Expert answers – meeting a new word


in Expert answers, Tools & Techniques

English students frequently ask me what to do about unfamiliar words when they read. Many of them feel obligated to do something, like look them up in a dictionary. They feel guilty if they do nothing. Today’s Expert Answer from Dr. Frank Smith will help you understand what happens when you meet a new word and what you can do about it.

Before we talk about your choices, let me describe what happens before you decide to do anything.


When you see a word for the first time, your brain goes into action immediately and automatically. According to Smith, your brain does something called “fast mapping.” It takes information from the text you’re reading – the sentence, the paragraph, the story or article – and gives the new word a possible meaning.

After that, each time you meet the word, your brain picks up a little more information about it. After you meet the word several times, your brain will have accumulated enough information about the word’s meaning for the word to become a usable part of your vocabulary. When that happens, we say that you have acquired, or picked up, the word.

Let’s see if we can put this into one sentence: Each time you see a word, information from the text you’re reading helps your brain accumulate, or collect, a little more of the word’s meaning until you get the full meaning of the word.

Your brain does its work automatically, but you have to make a decision. What is the best thing to do when you see a word you haven’t met before? Smith says that you have three choices.

Skip it and keep reading

First, you can skip the word – ignore it and continue to read. If you can make sense of, or understand, the text you’re reading, don’t stop. Keep reading. It’s not always necessary to know all the words in a text.

There are two reasons this is a good choice. First, if you stop and try to figure out every unfamiliar word, you interrupt the reading process and make understanding, learning, and memory more difficult. Even if you need the unfamiliar word to understand the text, read past it – for example, to the end of the paragraph – then go back and read the paragraph again. Rereading is a very effective way to pick up more meaning.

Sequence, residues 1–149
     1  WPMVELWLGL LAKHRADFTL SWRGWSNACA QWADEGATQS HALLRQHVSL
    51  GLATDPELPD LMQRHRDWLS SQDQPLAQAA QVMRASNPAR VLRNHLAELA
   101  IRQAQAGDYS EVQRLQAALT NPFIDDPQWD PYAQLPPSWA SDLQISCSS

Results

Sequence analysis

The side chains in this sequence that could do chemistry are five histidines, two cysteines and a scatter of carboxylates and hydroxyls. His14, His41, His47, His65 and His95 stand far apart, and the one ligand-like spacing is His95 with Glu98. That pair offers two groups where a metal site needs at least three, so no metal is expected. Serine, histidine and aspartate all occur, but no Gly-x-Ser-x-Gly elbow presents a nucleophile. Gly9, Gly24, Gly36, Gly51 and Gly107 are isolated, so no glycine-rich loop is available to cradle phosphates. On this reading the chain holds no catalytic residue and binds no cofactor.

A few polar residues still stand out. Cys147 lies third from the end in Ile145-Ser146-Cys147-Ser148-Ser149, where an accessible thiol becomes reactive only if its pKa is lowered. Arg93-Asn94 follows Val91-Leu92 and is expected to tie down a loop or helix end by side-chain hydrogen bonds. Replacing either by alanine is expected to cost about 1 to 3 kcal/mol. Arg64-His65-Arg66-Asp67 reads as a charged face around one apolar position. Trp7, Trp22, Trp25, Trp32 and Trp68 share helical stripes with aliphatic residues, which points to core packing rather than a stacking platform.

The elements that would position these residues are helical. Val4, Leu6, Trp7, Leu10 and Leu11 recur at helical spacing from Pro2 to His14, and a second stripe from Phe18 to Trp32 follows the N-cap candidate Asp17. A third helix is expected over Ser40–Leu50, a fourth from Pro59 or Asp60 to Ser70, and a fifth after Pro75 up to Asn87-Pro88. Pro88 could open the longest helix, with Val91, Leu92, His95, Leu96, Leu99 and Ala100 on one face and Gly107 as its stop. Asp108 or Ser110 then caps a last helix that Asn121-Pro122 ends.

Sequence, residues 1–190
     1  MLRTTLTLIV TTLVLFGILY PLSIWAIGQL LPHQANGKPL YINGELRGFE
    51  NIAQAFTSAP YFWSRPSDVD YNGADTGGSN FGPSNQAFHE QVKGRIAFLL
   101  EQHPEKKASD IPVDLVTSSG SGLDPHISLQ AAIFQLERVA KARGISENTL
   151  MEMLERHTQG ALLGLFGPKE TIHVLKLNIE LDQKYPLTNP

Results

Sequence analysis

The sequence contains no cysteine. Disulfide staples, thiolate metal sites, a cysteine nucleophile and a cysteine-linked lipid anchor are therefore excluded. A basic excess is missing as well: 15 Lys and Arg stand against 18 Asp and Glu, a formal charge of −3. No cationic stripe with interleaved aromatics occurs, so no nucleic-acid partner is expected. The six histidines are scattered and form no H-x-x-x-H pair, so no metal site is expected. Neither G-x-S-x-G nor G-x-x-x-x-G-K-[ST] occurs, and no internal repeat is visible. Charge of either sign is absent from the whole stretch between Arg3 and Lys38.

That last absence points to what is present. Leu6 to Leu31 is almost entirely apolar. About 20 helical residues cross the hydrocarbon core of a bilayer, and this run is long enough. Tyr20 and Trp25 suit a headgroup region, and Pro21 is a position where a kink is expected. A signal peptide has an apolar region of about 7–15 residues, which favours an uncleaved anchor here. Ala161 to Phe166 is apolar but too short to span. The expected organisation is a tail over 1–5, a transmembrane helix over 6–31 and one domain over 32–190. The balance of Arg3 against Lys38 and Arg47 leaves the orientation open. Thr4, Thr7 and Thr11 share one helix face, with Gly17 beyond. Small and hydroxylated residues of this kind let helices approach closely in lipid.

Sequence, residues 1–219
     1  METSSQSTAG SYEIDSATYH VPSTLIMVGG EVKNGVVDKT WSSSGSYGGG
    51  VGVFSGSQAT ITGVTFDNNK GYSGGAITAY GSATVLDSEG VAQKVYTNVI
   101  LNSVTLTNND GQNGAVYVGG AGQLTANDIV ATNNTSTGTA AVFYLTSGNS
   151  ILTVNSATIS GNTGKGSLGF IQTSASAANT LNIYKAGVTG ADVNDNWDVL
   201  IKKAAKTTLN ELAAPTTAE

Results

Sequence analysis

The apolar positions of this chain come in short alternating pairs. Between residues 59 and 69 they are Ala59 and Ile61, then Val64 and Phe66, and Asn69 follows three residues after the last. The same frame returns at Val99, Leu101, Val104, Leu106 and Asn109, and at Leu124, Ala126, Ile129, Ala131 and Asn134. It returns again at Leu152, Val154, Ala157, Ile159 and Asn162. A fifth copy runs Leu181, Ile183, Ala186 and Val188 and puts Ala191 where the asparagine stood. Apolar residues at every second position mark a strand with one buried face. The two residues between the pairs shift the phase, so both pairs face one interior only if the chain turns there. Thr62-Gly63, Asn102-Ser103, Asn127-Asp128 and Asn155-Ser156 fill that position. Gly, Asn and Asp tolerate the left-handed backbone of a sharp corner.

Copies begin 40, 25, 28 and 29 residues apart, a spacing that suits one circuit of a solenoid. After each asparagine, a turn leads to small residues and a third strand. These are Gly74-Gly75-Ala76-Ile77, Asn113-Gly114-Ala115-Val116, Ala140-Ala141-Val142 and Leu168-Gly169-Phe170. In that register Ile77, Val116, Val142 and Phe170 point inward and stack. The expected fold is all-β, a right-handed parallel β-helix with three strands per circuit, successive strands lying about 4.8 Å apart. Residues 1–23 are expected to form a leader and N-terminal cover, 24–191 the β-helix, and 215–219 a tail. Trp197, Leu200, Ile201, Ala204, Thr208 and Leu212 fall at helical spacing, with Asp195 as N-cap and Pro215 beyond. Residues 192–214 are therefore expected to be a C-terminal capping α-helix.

Remember, even if you skip a word, your brain doesn’t ignore it completely. Your understanding of the text you’re reading contributes to the fast mapping described earlier. So even if you skip a word, your brain picks up clues about its meaning and remembers them to help you understand the word in the future.

Guess its meaning

If you think you need the word to make sense of what you’re reading, Smith suggests that you guess the meaning of the word. There are two helpful strategies for doing that:

First, think about the meaning of the text you’re reading. Is there anything in the sentence, paragraph, or the rest of the story or article that might help you figure out the meaning of the word? If you take time to look around, you’ll often find help with the meaning of a word right there in the text.

Second, does the word look similar to a word you already know? Maybe it’s a different form of a familiar English word. Or maybe it’s similar to a word in your own language. Words that are similar to each other often have similar, or related, meanings.

Ask someone or …

Smith suggests one other action: ask someone to explain the meaning (in English, of course, not to just give you a translation!). But what if you have no one to ask?

If you really need to know a word, use a dictionary like the online Longman Dictionary of Contemporary English. Here’s why:

  • It has English definitions that are easy to understand.
  • It has example sentences for almost every definition.